A 65-metre deep shaft used for intermediate level nuclear waste disposal is contaminating some groundwater, and is threatened by coastal erosion in about 300 years time. The shaft was never designed as a waste depository, but was used as such on a very ad-hoc and poorly monitored basis, without reliable waste disposal records being kept. In origin it is a relic of a process by which a waste-discharge pipe was constructed. The pipe was designed to discharge waste into the sea. Historic use of the shaft as a waste depository has resulted in one hydrogen gas explosion  caused by sodium and potassium wastes reacting with water. At one time it was normal for workers to fire rifles into the shaft to sink polythene bags floating on water. There are fears that accumulated material might represent a potential critical mass
Irradiated nuclear fuel particles on the seabed near the plant, estimated about 10,000 in number. Some are being washed ashore, including as of 2006 about 70 smaller particles on the public Sandside Bay beach and one at a popular tourist beach at Dunnet.  The way these particles escaped the site has not been determined, there are several plausible possibilities. The risk to the public is considered low.
18,000 cubic metres of radiologically contaminated land, and 28,000 cubic metres of chemically contaminated land.
1,350 cubic metres of high and medium active liquors and 2,550 cubic metres of unconditioned intermediate level nuclear waste in store.
1,500 tonnes of sodium, 900 tonnes of this radioactively contaminated from the Prototype Fast Reactor. Nuclear Decommissioning Authority ownership
The Vulcan Naval Reactor Test Establishment (NRTE) is a Ministry of Defence (MoD) establishment housing the prototype nuclear propulsion plants of the type operated by the Royal Navy in its submarine fleet.
For over 40 years Vulcan has been the cornerstone of the Royal Navy's nuclear propulsion program, testing and proving the operation of four generations of reactor core and currently testing its fifth. Its reactors have significantly led the operational submarine plants in terms of operation hours, proving systems, procedures and safety.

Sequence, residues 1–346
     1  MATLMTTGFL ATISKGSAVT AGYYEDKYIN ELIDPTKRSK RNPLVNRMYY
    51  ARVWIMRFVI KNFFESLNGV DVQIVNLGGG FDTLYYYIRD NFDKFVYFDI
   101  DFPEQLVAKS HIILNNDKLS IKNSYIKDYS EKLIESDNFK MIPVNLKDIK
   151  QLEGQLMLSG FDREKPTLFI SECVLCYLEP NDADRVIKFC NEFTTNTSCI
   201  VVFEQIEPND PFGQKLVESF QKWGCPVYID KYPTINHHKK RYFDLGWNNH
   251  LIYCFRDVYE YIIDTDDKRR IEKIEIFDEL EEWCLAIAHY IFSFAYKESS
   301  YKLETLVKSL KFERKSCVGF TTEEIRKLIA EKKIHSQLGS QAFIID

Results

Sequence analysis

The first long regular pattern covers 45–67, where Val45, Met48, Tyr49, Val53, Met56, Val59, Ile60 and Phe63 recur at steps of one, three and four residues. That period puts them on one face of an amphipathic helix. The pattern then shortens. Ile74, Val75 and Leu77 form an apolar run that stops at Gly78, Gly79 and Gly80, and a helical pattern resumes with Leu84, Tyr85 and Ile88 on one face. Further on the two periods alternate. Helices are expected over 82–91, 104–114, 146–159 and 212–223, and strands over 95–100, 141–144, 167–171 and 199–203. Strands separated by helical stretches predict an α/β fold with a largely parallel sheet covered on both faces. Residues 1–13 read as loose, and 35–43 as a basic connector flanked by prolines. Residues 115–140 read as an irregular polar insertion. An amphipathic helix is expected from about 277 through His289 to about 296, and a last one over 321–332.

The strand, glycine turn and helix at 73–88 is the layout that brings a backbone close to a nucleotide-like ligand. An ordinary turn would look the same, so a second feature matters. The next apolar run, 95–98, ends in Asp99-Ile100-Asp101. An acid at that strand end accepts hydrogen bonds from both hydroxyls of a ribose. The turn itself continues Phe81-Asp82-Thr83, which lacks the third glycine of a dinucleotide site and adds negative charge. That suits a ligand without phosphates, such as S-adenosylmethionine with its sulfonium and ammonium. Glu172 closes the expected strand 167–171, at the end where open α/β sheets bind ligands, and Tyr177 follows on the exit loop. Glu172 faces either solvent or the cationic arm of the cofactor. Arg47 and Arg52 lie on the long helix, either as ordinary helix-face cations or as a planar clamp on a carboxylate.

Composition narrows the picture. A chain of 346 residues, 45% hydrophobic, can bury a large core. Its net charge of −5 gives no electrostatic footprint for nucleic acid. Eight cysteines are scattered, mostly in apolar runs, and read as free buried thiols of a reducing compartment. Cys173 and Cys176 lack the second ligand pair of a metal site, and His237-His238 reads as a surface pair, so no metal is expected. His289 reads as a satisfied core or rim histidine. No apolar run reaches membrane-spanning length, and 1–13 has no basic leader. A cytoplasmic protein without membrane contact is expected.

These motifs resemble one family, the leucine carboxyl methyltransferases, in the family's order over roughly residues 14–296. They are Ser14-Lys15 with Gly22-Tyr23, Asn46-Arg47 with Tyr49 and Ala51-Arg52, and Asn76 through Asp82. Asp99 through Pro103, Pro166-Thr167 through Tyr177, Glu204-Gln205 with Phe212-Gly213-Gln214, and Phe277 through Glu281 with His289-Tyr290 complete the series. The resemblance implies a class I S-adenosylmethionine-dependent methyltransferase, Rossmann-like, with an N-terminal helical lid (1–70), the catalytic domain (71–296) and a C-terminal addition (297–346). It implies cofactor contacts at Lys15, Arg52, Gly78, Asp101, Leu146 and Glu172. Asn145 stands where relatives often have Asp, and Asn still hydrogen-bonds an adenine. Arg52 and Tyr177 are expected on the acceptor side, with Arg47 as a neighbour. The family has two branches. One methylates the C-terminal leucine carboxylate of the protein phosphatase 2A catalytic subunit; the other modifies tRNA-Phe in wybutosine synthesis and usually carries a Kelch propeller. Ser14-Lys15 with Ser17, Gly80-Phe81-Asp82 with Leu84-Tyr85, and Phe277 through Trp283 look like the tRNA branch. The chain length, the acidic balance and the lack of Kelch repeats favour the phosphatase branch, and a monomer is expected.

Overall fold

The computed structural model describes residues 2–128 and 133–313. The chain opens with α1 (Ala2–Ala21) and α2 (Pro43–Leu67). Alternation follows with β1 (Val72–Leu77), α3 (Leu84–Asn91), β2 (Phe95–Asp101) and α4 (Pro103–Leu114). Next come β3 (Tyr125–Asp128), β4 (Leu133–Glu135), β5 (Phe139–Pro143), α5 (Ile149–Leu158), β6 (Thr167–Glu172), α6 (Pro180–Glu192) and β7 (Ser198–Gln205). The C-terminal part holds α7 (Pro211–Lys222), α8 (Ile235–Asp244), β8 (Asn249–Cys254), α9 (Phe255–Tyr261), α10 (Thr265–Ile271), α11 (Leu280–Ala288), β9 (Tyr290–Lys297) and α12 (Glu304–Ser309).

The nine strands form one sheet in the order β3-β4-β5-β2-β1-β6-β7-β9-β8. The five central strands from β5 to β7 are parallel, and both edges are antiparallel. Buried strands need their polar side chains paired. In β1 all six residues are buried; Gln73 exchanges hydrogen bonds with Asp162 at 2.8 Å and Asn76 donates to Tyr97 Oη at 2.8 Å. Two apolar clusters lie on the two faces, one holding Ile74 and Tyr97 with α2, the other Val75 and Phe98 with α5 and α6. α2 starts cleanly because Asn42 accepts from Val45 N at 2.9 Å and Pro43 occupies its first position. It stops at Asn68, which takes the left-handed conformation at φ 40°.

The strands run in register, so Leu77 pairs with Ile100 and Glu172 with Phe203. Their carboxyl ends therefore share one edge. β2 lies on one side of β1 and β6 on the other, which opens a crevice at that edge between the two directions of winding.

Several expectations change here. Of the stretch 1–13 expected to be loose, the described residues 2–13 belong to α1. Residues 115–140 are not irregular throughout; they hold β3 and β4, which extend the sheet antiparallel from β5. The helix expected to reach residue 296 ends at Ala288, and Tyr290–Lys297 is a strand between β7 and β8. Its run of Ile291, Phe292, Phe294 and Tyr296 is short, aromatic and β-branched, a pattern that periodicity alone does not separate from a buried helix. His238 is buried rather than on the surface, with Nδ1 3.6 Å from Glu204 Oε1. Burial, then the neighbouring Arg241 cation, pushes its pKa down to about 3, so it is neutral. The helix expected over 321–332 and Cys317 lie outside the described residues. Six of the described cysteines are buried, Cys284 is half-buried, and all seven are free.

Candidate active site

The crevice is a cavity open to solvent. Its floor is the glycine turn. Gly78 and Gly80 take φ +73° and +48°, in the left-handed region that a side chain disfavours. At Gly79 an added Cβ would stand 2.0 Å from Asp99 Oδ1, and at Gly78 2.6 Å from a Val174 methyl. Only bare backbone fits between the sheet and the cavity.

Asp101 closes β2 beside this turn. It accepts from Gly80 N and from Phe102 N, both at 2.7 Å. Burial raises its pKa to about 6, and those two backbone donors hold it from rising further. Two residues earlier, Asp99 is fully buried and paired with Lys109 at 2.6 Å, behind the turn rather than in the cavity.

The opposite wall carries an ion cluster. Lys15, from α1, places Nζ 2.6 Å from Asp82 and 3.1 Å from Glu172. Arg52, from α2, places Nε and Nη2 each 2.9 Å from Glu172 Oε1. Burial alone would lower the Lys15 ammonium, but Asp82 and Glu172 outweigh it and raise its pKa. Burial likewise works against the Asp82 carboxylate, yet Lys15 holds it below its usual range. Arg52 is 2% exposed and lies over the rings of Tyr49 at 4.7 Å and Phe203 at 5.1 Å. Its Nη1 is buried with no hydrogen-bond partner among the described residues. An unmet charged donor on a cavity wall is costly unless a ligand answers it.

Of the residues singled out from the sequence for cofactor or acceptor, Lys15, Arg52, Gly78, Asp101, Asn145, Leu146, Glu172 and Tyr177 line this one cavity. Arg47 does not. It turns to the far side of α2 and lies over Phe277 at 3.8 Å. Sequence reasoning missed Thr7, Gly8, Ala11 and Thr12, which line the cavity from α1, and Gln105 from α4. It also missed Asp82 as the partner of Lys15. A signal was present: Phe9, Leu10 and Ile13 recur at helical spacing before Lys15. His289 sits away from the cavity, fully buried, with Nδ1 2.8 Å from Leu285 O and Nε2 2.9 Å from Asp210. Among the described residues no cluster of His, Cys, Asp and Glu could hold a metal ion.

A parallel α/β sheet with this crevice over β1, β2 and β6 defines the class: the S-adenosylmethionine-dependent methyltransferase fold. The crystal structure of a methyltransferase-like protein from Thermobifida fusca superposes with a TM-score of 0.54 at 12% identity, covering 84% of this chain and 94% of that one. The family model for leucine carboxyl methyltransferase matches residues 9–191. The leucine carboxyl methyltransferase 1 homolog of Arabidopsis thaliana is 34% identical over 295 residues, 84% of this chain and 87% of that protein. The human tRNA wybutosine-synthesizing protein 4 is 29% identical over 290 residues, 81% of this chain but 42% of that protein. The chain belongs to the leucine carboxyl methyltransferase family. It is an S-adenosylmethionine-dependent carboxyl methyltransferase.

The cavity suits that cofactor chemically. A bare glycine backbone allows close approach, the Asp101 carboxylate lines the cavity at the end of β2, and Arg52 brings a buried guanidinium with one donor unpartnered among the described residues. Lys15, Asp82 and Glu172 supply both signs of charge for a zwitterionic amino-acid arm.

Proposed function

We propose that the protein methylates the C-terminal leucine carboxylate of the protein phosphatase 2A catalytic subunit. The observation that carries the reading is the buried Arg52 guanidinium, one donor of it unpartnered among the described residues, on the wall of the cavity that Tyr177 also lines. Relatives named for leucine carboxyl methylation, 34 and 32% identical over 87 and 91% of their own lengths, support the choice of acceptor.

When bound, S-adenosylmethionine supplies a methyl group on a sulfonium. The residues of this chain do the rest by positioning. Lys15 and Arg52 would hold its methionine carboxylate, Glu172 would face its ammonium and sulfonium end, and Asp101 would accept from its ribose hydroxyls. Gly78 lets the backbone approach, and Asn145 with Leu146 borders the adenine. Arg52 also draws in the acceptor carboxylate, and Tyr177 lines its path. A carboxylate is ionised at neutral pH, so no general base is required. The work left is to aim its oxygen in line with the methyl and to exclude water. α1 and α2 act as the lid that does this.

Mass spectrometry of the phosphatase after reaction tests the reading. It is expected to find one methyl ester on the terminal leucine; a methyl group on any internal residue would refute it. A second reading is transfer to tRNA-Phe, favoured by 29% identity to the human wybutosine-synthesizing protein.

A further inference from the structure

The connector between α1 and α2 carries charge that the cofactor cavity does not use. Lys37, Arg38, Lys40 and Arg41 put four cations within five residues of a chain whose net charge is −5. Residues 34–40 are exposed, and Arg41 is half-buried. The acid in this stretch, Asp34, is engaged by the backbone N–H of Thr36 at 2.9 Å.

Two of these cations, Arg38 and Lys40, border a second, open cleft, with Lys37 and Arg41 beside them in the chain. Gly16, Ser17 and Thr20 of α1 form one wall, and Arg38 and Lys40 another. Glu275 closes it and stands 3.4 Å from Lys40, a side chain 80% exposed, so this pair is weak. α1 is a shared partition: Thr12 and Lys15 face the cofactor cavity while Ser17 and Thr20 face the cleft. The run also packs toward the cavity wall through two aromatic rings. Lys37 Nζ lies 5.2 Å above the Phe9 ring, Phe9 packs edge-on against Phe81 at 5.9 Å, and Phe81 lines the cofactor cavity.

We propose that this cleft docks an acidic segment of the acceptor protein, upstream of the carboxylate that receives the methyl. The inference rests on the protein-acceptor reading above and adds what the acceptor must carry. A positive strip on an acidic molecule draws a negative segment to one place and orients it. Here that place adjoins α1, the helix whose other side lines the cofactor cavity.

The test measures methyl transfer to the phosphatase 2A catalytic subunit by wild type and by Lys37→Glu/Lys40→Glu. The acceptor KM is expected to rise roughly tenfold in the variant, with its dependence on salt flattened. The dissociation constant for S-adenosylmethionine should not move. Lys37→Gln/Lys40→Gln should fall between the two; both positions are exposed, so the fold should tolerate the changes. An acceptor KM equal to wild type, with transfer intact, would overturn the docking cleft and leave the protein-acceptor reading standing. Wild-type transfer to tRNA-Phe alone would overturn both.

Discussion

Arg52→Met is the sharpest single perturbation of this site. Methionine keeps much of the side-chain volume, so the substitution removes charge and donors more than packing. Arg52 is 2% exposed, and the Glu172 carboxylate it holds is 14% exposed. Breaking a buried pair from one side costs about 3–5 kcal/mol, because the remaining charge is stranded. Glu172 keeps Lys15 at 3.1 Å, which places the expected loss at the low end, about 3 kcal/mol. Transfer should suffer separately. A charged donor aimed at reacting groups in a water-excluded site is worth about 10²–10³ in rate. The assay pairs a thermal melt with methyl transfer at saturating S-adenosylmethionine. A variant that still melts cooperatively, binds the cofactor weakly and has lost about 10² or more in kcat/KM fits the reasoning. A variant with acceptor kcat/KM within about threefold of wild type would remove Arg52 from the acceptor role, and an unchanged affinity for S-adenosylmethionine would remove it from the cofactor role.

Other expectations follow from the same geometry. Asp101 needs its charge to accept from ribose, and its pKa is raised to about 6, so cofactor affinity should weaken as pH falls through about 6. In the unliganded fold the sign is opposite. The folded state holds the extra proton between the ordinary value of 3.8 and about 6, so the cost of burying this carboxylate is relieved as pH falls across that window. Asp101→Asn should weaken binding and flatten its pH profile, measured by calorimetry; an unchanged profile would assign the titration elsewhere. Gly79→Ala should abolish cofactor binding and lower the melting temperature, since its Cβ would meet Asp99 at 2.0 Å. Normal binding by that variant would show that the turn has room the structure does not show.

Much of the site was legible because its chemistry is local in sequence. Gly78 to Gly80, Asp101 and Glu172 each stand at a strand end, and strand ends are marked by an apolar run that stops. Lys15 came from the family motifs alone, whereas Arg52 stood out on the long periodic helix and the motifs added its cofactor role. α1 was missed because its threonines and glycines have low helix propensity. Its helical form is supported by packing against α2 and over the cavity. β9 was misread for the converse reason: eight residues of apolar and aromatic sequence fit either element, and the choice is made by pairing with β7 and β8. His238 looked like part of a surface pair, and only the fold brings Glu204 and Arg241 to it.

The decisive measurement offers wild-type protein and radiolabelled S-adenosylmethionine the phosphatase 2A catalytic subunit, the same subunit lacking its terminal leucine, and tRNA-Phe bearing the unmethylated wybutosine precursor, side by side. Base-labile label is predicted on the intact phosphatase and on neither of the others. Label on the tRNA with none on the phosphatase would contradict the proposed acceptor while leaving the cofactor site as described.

Rolls-Royce, who design and procure all the reactor plants for the Royal Navy from their Derby headquarters, operate Vulcan on the behalf of the MoD and employ around 280 staff there, lead by a small team of staff from the Royal Navy.
The cost of decommissioning NRTE facilities when they become redundant, including nuclear waste disposal, was estimated at £2.1 billion in 2005. 
The first reactor, PWR1, is known as Dounreay Submarine Prototype 1 (DSMP1). The reactor plant was recognised by the Royal Navy as one of Her Majesty's Submarines (HMS) and was commissioned as HMS Vulcan in 1963, though it did not go critical until 1965. HMS Vulcan is a Rolls-Royce PWR 1 reactor plant and tested Cores A, B and Z before being shutdown in 1984. In 1987 the plant was re-commissioned as LAIRD (Loss of Coolant Accident Investigation Rig Dounreay) a non-nuclear test rig, the only one of its kind in the world. LAIRD trials simulated loss of coolant accidents to prove the effectiveness of systems designed to protect the reactor in loss of coolant accident.The plant was decommissioned in 1992 after more than 250 separate trials and a total of 27 years successful operation.
Shore Test Facility (STF)
Atomic Energy Research Establishment
Nuclear power in the United Kingdom
Energy policy of the United Kingdom
Energy use and conservation in the United Kingdom